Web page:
The winning competitor who will recommend the exact design details of the NMD system will be selected in the Spring of 1998. If the program is assessed by the DoD senior management, through our Defense Acquisition Board process, to be viable, the program will proceed into an engineering and manufacturing development phase, where the most promising design approach is translated from paper into an assembly of hardware and software. ...

This is the process that applies to all major DoD programs, and which NMD is following. However, we are early in the program, and there will be changes as we define the program architecture and component designs. It was only last year that NMD became a major defense acquisition program and moved from technology development of elements to the development of a weapon system.

Thus, the NMD development program is at an early stage of maturity. This has led to a situation in which our previous cost estimates were based on rough order-of-magnitude costs grounded in parametrics, laboratory tests, and simulations. Our cost estimating process was further complicated by delays in the formation of the NMD Program Office, in the awarding of the Lead System Integrator contract and the high risk nature of the program. All things considered, the NMD Program is on track with other early DoD acquisition programs. As the NMD Program matures, the accuracy of our cost estimates will continue to improve.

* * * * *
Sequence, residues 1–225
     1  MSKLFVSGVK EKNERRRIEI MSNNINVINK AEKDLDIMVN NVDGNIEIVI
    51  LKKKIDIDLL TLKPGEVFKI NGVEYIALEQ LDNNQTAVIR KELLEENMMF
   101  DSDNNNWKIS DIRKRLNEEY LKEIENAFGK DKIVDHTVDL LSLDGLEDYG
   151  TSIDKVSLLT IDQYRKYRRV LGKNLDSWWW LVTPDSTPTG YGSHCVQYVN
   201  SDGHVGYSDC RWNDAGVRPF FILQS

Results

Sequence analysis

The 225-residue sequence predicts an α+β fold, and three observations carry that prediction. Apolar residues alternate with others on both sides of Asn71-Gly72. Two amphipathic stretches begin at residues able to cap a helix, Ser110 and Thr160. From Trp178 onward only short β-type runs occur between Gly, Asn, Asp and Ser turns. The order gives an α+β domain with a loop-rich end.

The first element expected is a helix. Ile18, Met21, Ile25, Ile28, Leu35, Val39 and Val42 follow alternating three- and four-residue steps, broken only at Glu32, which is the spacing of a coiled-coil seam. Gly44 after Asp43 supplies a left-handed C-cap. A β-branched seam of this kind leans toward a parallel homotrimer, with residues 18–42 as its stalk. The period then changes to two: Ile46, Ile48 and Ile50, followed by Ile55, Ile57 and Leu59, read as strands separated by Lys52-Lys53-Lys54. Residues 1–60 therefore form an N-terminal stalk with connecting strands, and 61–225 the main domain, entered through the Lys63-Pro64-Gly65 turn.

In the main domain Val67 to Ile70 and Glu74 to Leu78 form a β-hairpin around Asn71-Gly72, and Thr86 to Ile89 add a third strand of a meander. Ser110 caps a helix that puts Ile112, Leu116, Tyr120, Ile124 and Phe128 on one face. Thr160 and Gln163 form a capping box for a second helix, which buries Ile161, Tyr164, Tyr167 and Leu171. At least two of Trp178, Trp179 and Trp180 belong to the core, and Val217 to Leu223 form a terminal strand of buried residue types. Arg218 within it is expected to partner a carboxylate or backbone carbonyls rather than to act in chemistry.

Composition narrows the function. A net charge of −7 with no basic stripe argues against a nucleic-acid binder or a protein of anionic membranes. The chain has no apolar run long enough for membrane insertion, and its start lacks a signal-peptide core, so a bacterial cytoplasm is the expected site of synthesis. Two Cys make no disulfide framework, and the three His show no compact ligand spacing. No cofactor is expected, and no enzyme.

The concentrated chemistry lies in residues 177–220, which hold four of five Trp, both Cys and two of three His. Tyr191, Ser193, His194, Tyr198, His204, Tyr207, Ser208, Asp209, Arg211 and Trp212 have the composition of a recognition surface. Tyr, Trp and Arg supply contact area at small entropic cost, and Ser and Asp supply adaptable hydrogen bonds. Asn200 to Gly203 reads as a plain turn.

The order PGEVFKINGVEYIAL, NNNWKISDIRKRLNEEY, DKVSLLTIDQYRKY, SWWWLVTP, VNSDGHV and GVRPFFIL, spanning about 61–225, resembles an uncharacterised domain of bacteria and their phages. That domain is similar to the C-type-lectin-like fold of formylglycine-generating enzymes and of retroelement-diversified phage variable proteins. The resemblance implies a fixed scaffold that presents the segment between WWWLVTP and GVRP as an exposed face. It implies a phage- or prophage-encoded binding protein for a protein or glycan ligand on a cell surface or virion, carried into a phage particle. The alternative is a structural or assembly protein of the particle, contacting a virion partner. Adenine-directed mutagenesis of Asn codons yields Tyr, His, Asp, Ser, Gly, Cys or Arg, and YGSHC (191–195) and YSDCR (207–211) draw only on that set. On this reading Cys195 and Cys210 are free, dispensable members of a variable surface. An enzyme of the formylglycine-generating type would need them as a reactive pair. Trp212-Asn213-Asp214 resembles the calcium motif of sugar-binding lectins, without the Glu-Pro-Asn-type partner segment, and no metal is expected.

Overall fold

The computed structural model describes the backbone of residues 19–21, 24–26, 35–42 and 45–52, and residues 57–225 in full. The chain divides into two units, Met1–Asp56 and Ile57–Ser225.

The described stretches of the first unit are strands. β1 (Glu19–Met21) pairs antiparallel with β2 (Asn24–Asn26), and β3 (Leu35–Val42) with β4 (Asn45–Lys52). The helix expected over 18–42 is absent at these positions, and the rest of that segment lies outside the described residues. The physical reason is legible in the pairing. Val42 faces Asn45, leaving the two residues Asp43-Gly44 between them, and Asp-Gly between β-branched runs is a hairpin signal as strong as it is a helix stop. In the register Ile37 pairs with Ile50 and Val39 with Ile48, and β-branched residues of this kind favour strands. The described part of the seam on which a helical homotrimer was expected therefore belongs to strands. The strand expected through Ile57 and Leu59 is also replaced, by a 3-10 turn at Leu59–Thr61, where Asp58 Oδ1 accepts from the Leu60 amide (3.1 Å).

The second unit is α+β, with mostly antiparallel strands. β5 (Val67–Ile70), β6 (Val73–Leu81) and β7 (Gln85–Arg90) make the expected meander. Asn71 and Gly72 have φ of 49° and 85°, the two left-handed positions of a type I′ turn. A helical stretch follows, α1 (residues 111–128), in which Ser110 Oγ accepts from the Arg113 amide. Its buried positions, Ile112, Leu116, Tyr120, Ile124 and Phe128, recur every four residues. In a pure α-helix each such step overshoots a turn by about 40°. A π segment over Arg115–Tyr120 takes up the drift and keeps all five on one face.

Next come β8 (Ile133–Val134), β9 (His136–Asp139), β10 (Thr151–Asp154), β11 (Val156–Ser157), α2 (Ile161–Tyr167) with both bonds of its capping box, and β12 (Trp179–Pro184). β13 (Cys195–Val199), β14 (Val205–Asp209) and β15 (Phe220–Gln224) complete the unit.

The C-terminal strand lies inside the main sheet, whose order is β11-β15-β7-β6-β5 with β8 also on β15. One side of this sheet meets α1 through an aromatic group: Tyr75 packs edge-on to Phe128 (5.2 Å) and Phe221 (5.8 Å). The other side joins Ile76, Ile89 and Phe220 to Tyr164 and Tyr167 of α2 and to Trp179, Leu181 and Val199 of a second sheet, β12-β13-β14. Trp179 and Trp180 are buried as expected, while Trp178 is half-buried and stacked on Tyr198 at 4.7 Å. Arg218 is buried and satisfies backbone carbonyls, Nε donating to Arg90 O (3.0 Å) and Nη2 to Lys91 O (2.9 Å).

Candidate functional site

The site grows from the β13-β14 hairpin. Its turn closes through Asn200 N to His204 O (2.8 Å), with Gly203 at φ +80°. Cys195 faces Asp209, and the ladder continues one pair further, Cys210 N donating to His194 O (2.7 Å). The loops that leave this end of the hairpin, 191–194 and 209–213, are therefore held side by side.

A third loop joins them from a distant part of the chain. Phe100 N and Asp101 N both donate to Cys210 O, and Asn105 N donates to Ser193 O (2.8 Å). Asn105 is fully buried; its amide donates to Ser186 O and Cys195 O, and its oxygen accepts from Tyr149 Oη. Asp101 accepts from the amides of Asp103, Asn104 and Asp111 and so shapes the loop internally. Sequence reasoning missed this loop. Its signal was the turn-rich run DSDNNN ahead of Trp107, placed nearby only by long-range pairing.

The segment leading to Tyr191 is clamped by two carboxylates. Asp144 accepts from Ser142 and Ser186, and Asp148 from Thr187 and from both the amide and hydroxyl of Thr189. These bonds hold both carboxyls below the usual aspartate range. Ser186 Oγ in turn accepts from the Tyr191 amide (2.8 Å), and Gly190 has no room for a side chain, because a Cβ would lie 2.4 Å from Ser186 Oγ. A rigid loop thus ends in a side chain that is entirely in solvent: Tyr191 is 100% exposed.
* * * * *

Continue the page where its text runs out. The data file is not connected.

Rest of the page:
The recent completion of the System Requirements Document will lead to increasing system definition and stability in the cost estimates. An NMD Joint Program Office was formed two months ago. Future cost estimates, including an Independent Cost Estimate will be much more refined, based on validated Cost Analysis Requirements Document and on the results of integrated system tests which will used to validate element and system performance and validate the simulations. Together, these will provide stability to the cost estimates. The NMD Program is on an aggressive, high risk schedule and moving forward."

Report: Lack of allied interest in NMD 'frustrating,' ex-BMDO chief says, Armed Forces Newswire Service, 15 April.

© 1998 The Acronym Institute.